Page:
From old strip malls come new developments in Fairview Heights
St. Louis Post-Dispatch (MO), 2014-04-25
April 25 -- FAIRVIEW HEIGHTS -- This city, which rode the wave of the retail and commercial development boom in the 1970s and 1980s, is getting a bit of a fresh face.
New retailers are starting to fill the space left vacant by older stores that failed during the recent recession.
And Mike Malloy , the Fairview Heights economic development director, is pleased.
He pointed to several developments in 2013. "It not only was a good year -- it was a very good year," Malloy said.
He pointed to the $32 million , 180,000-square-foot Kimco Realty Corp. project that is redeveloping the former Kmart strip mall site, just across Illinois Route 159 from St. Clair Square Mall . The centerpiece of that redevelopment is a Fresh Thyme Farmers Market , scheduled to open this fall.
The entire project, called Fairview Heights City Centre , also will include a new HomeGoods store, and new Sports Authority , Petco and Office Max stores that already have opened.
Other new developments during the last year cited by Malloy are:
--Cheddars restaurant: $1.5 million project; 8,066 square feet, on the site of the former Casa Gallardo restaurant.
-- Kirkland's : $311,000 project; 8,116-square-foot store, on the site of the former NTB tire and auto parts store.
-- Sears Outlet : $295,000 project; 31,000-square-foot redevelopment of the former Circuit City store.
--DXL Men's Apparel: $305,000 project; 8,135-square-foot store; in the space of the former Max and Erma's restaurant at St. Clair Square .
--Savers Thrift: $306,500 project; 34,164 square feet; new construction.
-- GFS Marketplace : $1.9 million project; 16,149 square feet; new construction.
--King's Beauty Supply: $50,000 relocation to a larger store site; 9,600 square feet.
-- Vatterott College : $685,000 new cosmetology school and veterinary clinic; 21,349 square feet.
"There's no question that we definitely have some things going on," Malloy said. "That's why we're still called the retail hub of Southern Illinois ."
Plans also were underway for a Here Today value retail store, an outpatient medical clinic and a restaurant and hotel complex. He said he hoped those projects would be approved and built within the next two years.
An effect of the new developments, Malloy said, is a steady increase in local sales and business district tax revenue for the years 2009 through 2013.
The city took in $14.9 million in sales and business district tax revenues last year, up from $12.5 million in 2012. That figure stood at $11.1 million in 2009.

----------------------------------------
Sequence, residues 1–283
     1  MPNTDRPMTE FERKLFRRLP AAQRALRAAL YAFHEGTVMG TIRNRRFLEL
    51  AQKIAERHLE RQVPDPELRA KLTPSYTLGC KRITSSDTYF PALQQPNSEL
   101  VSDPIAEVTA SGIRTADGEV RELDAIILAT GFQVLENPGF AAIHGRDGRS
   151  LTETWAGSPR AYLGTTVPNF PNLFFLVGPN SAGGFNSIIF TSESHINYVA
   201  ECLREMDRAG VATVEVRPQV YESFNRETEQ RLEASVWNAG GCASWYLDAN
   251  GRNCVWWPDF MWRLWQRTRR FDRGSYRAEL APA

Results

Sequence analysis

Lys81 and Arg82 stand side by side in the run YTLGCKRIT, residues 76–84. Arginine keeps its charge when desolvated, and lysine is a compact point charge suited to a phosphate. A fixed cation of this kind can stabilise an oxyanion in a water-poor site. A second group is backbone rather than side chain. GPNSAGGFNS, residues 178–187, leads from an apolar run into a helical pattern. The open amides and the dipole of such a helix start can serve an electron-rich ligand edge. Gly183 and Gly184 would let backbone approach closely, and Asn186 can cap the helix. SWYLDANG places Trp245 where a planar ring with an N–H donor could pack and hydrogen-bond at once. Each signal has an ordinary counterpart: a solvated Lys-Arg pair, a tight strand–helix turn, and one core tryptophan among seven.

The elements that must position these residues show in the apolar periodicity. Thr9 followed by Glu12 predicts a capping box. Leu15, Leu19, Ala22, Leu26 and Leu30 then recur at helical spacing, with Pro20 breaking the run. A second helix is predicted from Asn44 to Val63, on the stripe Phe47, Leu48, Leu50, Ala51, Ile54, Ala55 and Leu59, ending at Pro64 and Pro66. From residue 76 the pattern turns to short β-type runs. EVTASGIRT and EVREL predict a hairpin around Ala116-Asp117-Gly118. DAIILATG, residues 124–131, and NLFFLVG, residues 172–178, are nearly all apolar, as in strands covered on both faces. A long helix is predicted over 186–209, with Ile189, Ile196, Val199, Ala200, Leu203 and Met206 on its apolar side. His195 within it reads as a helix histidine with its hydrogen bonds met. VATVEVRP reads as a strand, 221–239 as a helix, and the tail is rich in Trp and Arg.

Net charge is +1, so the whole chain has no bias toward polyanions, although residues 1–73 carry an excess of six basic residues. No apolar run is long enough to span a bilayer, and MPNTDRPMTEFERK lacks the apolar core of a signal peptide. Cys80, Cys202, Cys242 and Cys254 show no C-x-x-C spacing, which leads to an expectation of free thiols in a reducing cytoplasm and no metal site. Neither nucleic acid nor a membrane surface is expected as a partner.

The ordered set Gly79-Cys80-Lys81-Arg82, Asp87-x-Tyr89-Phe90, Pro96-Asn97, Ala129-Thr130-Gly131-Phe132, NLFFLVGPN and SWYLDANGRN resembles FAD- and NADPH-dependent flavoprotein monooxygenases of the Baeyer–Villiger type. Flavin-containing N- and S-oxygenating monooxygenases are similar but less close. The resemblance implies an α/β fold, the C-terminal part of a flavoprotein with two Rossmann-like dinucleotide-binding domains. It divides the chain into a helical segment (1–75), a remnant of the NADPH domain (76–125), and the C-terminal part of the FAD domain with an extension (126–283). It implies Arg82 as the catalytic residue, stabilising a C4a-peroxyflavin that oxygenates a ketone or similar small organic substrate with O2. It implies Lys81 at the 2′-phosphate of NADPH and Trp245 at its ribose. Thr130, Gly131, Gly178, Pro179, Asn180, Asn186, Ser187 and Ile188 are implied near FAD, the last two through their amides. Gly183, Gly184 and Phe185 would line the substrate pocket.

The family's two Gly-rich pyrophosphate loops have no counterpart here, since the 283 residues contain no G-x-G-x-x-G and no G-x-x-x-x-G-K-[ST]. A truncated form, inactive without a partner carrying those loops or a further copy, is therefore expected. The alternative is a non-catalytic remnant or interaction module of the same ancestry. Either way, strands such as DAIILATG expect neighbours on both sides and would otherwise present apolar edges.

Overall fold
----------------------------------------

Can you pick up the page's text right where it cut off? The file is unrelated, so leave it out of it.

He attributed most of that growth to the easing of the recession and to sales at the new developments, as well as increasing sales at the city's older retailers.
Jesse Tron , a spokesman for the International Council of Shopping Centers , said retail sales were growing -- albeit slowly in some areas -- throughout the United States .
Tron said Fairview Heights' approach of redeveloping old malls and strip malls has worked well in some other parts of the nation. A key, he said, is having high traffic volume near redeveloped sites.
Fairview Heights benefits from a steady stream of traffic along Interstate 64 , Illinois Route 159 and U.S. Highway 50 . That is a hopeful sign for retail growth as the economy improves, Tron said.
He added that it's a good idea for St. Clair Square , which opened in the early 1970s, to continue to remodel and add tenants as store openings occur.
"For malls, we say they should update at least every 10 years," Tron said.
One big sore spot in redeveloping Fairview Heights continues to be the closed U.S. Ice Sports Complex at 125 South Ruby Lane . That 75,000-square-foot facility, which featured two regulation-size ice rinks, was shut down suddenly in October 2012 because of extensive damage caused by mine subsidence.
Leon Lekai , the ice complex's owner, said he had no immediate plans to repair and reopen the facility. He said he was waiting for studies by structural engineers to determine whether fixing and reopening the rinks would be a good investment.
Malloy, the economic development director, said he had seen some estimates that repairing the subsidence damage and stabilizing the complex for reopening could cost at least $1 million . Lekai declined to say how much he might consider spending to fix the ice facility.
Malloy also said at least one prospective buyer had expressed interest in purchasing and restoring the complex. He declined to identify the possible buyer or give details.
Robert Kelly covers networking for the business section of the Post-Dispatch .
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